Therefore, I suppose it’s pretty logical to assume that the Venus was meant as a paean to femininity, a song of praise to womanhood. Let’s assume that for the moment and see where it gets us.

The first thing we should remember, of course, is that imperative to reproduce I mentioned a while back. Since it’s hardly likely that people of the time were so dumb that they hadn’t worked out the connection between sexual intercourse and childbirth, it seems logical to assume that sex itself would come to have a special and highly significant, probably ritualistic, place in the society of the time.

And that, directly, leads us to something that – modern legalities aside – should be realised; after the onset of sexual maturity, virginity is a highly abnormal state. We’re programmed to have sex for a reason; and that reason is, primarily, the continuation of the species. Whether said sex is heterosexual, and directly concerned with propagation, or homosexual, and concerned with societal bonding, the fact is that virtually all of us are programmed to have it, and to enjoy it.

Logically, then, since giving birth was a precious and extremely necessary thing for the societies of the time, virginity was not only useless but actively harmful, since it wasted valuable sexual energies. In fact, I’d go so far as to say that being a virgin was pretty much tantamount to being a traitor, because it imperilled the group. And it’s more than likely that young men and women were ritually deflowered and initiated to sex as soon as they reached sexual maturity.

It’s most likely that the reverence for virginity (which is still sputtering along in today’s so-called modern society) is a much more recent phenomenon, one that grew with the emergence of settled communities and the concept of property. Obviously, a nomadic hunter-gatherer society can’t afford to have personal heritable property, or even defined family groups. It’s more likely than not that such societies brought up their children in common, and the children belonged to the group in common. But once a society settled, and became property oriented, a man had to have a reason to work for the future. If he had children, he needed to have a reason to work to pass on the fruits of his labours to the children. And why should he work for children he wasn’t sure were his own?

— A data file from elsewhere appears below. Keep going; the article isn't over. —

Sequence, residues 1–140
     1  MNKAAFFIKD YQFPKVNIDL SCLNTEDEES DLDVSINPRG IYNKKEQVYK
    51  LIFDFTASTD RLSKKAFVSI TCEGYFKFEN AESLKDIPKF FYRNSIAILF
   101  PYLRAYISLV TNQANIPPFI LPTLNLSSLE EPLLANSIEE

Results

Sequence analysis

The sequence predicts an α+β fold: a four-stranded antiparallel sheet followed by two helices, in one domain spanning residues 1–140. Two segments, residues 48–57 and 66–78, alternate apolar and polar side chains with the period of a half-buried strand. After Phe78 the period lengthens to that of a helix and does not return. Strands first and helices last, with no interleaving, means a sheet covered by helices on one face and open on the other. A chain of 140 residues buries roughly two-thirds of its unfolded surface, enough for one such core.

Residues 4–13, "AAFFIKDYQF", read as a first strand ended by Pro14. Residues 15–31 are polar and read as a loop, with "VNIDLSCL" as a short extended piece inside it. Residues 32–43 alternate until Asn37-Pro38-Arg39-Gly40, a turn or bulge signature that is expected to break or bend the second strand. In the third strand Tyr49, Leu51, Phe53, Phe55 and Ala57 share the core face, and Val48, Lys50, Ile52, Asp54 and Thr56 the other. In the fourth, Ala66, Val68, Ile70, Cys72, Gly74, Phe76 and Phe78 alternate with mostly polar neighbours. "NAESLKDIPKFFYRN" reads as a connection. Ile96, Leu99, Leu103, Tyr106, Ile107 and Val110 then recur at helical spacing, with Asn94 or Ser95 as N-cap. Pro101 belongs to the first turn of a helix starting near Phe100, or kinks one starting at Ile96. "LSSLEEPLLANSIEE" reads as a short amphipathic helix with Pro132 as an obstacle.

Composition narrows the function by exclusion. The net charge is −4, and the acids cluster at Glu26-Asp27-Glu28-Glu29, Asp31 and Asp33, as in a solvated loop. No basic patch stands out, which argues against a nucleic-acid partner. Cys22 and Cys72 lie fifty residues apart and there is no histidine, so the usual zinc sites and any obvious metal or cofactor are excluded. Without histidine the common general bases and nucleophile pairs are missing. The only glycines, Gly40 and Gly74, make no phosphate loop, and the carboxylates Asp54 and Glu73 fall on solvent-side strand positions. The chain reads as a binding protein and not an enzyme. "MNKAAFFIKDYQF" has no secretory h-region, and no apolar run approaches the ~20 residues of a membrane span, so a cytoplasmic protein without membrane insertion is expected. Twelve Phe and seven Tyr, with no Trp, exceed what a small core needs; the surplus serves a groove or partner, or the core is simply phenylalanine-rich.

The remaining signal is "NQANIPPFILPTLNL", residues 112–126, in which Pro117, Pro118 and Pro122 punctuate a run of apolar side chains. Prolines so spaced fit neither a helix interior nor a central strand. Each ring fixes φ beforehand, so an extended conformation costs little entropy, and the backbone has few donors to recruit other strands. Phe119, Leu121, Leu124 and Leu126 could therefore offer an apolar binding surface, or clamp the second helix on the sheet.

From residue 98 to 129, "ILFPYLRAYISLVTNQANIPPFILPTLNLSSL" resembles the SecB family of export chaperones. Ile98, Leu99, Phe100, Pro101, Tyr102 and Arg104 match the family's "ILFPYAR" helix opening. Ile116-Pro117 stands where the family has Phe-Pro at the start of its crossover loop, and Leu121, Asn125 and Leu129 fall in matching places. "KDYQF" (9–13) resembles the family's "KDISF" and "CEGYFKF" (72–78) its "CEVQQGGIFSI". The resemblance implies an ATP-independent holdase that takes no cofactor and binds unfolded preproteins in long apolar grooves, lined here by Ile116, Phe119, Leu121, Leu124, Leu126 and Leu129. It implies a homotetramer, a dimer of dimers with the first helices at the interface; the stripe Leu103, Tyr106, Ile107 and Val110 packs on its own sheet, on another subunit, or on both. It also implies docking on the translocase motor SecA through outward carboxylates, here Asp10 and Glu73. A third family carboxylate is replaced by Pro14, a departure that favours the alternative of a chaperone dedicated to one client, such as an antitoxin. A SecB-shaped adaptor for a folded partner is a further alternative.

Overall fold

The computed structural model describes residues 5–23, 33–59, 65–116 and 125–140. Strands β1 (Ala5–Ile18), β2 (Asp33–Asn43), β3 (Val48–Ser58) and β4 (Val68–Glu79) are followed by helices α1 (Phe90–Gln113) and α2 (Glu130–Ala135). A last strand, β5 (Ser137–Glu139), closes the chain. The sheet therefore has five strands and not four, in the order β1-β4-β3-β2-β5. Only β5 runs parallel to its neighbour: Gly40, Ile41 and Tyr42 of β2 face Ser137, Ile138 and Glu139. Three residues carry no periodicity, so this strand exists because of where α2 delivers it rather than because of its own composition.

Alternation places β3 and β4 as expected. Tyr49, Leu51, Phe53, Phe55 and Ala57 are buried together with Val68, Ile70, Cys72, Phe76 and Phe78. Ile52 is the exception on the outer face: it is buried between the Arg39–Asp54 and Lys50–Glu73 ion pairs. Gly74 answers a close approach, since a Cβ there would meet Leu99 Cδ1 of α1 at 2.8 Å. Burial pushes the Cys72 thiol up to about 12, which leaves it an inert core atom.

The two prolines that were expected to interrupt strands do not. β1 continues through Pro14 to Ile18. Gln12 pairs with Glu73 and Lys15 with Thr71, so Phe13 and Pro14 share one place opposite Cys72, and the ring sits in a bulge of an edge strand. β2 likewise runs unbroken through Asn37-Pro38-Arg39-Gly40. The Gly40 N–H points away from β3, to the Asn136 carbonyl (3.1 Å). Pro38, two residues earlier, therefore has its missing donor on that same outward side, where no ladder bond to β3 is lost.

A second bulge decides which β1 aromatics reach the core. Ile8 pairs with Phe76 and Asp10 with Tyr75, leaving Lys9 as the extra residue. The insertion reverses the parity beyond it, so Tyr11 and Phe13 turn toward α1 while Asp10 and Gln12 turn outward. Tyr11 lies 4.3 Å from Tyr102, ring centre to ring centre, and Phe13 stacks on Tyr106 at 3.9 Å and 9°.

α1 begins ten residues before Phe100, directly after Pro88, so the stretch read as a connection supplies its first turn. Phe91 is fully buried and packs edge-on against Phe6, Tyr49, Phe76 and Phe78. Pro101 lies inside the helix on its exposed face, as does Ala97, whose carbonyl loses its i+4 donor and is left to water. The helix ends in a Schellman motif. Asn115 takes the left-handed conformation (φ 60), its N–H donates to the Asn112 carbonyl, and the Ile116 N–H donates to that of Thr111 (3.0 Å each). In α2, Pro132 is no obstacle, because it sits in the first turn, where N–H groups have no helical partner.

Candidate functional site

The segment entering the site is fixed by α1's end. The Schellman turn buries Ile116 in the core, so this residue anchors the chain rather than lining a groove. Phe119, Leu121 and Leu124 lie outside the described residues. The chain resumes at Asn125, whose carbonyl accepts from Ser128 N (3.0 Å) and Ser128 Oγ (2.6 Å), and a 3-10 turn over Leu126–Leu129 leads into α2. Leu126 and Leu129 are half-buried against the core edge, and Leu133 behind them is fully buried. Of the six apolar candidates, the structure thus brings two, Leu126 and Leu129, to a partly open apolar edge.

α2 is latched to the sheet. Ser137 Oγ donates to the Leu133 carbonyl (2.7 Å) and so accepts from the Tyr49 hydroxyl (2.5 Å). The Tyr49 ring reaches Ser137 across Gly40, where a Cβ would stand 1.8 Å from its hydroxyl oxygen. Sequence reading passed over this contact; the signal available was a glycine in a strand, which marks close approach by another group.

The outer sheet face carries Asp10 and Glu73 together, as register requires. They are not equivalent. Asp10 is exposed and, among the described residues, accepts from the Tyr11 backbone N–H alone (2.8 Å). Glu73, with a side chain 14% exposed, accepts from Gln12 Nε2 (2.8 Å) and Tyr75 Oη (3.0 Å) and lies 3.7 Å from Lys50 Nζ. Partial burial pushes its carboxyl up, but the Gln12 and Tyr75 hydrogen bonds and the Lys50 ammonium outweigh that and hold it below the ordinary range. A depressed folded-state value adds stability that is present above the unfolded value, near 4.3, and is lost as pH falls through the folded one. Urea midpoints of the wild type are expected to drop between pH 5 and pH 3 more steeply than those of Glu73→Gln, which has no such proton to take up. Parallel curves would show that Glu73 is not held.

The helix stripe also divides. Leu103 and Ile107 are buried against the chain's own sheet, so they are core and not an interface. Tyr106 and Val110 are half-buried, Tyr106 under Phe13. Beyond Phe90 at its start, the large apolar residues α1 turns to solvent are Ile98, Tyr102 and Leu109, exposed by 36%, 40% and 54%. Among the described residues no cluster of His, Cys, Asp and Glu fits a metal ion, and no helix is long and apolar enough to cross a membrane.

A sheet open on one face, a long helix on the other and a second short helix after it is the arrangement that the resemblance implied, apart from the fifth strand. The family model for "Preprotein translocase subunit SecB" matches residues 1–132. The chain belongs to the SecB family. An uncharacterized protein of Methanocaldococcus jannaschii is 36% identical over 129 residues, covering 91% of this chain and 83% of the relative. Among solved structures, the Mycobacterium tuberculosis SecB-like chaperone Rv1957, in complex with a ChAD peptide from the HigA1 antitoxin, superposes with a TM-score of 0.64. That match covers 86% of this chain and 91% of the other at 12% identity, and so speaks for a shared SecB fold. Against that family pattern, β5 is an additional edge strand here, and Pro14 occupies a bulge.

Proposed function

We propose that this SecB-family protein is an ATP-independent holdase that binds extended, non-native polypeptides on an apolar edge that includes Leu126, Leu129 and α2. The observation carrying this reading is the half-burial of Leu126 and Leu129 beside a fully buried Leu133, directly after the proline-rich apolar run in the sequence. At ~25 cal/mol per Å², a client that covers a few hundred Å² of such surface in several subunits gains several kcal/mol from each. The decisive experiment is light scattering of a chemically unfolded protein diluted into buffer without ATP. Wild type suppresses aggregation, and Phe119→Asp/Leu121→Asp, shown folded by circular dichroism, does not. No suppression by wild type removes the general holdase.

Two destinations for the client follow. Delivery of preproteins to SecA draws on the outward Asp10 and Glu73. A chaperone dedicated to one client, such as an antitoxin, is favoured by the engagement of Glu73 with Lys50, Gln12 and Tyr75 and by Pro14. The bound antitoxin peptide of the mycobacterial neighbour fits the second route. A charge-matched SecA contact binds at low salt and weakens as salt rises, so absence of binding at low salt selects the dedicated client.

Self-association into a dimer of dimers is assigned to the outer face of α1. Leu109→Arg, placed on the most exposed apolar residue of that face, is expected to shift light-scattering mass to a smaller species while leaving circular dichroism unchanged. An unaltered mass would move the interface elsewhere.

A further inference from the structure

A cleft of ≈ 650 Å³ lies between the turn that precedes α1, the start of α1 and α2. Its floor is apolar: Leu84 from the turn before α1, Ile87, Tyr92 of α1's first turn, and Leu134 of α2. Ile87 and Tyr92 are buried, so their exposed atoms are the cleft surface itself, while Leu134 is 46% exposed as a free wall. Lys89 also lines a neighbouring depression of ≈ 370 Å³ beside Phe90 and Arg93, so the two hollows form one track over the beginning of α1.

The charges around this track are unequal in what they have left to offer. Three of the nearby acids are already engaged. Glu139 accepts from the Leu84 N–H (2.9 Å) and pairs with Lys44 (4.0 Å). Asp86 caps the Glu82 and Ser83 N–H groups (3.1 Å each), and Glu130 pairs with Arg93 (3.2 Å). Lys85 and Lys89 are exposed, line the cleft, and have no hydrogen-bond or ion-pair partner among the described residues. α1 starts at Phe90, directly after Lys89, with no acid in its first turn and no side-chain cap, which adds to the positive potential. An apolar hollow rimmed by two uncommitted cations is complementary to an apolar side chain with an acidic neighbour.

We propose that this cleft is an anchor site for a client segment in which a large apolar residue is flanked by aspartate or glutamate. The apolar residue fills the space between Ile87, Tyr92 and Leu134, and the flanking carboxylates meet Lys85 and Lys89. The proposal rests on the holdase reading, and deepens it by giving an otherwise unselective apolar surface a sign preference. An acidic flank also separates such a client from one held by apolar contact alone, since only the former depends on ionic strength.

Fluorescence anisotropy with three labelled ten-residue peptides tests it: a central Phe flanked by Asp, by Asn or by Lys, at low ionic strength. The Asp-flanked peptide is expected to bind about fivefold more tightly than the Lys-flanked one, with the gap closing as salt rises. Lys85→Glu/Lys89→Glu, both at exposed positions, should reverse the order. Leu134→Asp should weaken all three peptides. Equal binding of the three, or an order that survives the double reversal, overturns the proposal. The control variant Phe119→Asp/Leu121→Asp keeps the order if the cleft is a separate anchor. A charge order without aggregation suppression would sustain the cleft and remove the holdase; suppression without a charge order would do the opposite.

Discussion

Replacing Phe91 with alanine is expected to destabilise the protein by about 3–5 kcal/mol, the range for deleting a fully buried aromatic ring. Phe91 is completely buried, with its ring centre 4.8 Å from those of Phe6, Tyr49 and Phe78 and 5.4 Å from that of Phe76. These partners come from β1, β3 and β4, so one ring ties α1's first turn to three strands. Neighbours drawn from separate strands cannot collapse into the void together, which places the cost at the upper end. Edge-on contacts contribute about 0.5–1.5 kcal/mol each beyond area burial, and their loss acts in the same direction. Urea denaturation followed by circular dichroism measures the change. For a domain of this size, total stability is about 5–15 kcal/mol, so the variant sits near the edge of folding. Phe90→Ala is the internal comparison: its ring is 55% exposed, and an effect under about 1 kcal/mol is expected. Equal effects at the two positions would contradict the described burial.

The solution, therefore? Get hold of the woman early, as soon as she becomes sexually mature, and control her so that she has sex exclusively with you. Whatever children she brings forth into the world will be yours, and therefore worth caring for. And in order to control her sexuality before she is yours, turn her virginity into an iconic state, instead of the stigma it was. Once you make her the custodian of her own virginity, your battle's won.

The attitude is just the opposite, in fact, of that shown by the Venus of Willendorf.

Men are the weaker sex biologically. We live shorter lives, and carry more genetic defects. Men are the weaker sex sexually as well; women have stronger sex drives than men, and biologically are programmed to that as well. The imperatives of reproduction ensure that. And, subliminally, men are aware of it, and, I suspect, faced with the raw sexuality of a woman, they’re terrified.

It wasn’t always like that though. Once upon a time, men and women were perfectly aware of each other’s respective sexuality, and rejoiced in it.

The Venus of Willendorf tells us it’s so.

Further reading: (A detailed physical description of the statuette)
(A site with photographs of her from various angles, and a description of how she was found)